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Examples of manners for young children to learn

Childhood table manners
Childhood table manners
Photo by Spencer Platt/Getty Images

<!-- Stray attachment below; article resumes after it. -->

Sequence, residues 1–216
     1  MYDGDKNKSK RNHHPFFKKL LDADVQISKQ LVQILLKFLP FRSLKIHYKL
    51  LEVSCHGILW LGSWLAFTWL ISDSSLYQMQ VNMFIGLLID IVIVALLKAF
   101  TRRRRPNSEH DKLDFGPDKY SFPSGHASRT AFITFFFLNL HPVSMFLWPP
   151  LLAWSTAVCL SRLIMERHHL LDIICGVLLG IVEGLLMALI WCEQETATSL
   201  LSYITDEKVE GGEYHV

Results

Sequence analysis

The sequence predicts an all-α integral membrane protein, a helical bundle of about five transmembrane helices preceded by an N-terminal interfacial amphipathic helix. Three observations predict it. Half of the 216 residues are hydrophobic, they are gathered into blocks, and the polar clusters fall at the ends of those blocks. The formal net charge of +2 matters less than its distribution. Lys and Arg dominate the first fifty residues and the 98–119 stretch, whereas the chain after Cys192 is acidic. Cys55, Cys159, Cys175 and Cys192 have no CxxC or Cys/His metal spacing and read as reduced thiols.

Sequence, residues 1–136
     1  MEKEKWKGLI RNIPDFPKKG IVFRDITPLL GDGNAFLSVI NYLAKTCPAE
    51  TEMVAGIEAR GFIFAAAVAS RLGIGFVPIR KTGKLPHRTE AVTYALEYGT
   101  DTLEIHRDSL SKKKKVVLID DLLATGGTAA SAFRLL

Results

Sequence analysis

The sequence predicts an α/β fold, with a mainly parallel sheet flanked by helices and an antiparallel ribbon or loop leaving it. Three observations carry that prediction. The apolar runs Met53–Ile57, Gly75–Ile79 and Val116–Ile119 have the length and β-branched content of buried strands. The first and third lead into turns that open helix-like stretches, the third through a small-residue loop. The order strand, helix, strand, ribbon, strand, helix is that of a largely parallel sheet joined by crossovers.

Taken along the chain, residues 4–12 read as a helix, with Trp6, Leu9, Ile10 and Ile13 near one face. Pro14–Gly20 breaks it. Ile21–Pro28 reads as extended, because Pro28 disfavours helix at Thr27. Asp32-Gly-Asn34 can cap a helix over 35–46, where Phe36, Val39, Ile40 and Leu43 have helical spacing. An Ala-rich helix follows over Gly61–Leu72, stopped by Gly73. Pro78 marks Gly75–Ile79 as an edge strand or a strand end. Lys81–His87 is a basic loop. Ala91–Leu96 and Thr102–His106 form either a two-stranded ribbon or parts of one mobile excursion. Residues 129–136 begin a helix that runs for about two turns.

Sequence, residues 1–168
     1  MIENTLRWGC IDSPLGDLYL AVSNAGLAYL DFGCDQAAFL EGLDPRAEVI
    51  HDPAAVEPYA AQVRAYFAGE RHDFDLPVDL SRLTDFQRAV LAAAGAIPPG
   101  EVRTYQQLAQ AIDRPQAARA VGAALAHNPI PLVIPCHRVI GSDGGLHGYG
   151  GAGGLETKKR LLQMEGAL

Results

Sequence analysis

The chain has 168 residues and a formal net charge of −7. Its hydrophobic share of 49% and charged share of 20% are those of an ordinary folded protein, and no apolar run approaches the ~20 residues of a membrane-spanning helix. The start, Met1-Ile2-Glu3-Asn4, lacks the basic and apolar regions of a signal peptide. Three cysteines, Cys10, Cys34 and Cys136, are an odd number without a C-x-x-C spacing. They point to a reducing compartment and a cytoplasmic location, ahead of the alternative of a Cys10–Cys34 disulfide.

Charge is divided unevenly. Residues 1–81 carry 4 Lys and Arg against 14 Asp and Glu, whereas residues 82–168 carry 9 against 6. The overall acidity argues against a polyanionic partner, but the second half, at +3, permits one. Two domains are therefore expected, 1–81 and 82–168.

Examples Of Manners For Young Children To Learn © 2014 by Stephen A. Peterson It is recommended that by the time a child attains ages between 10 through 12 years, he or she have mastered the following manners as they relate to: (1) other people; (2) when visiting; and (3) table manners. Examples: Other people: 1. Respect the privacy of others. 2. “Pardon me,” “Excuse me,” “I’m sorry” (whenever he/she interferes with someone or wants to get someone’s attention). 3. Ask permission to use items/things that do not belong to her/him. 4. Cover their nose and/or mouth when coughing or sneezing. Turning their head away from others is also appropriate. 5. Say “Hello, how are you?” “Good day,” “Good-bye”. 6. Say “No” (Not ‘Nah’), “Yes (Not ‘Yeah’). 7. Say “Yes, sir,” “Yes, ma’am,” “Yes, Mrs.(last name),” “Yes, Mr._(last name)”. 8. Avoid making fun of people who make mistakes. 9. Respect the differences of others (race, religion, gender, speech, political views). When visiting: 1. Greet a host/hostess with a smile, a handshake, with a verbal greeting, “How do you do?” or “Hello, how are you?” 2. Avoid conflicts with guests. 3. Refrain from touching, playing with things that are in someone’s home. 4. Make no comments about what the host/hostess does in their home. 5. Offer to help clean up, if needed. 6. After returning home, write a brief “thank you” note (it is okay to purchase thank you cards or make one from the computer) then send to the host/hostess. Table Manners: 1. Keep elbows off of the table. 2. Place the napkin on their lap as soon as he/she is seated remaining in place until the meal is over. 3. Break their bread into small pieces before buttering it. 4. Chew food quietly with the mouth closed. 5. Talk only if there is no food in the mouth. 6. Ask for food or other items to be passed to her/him never reach across the table. 7. Never overload the fork. 8. Ask to be excused if he/she most leave the table. 9. Never interrupt the conversation of another. Wait your turn to speak. 10. Once he/she has finished eating, place the flatware on the plate and napkin to the right side of the plate. 11. Place the chair back into position at the end of the meal.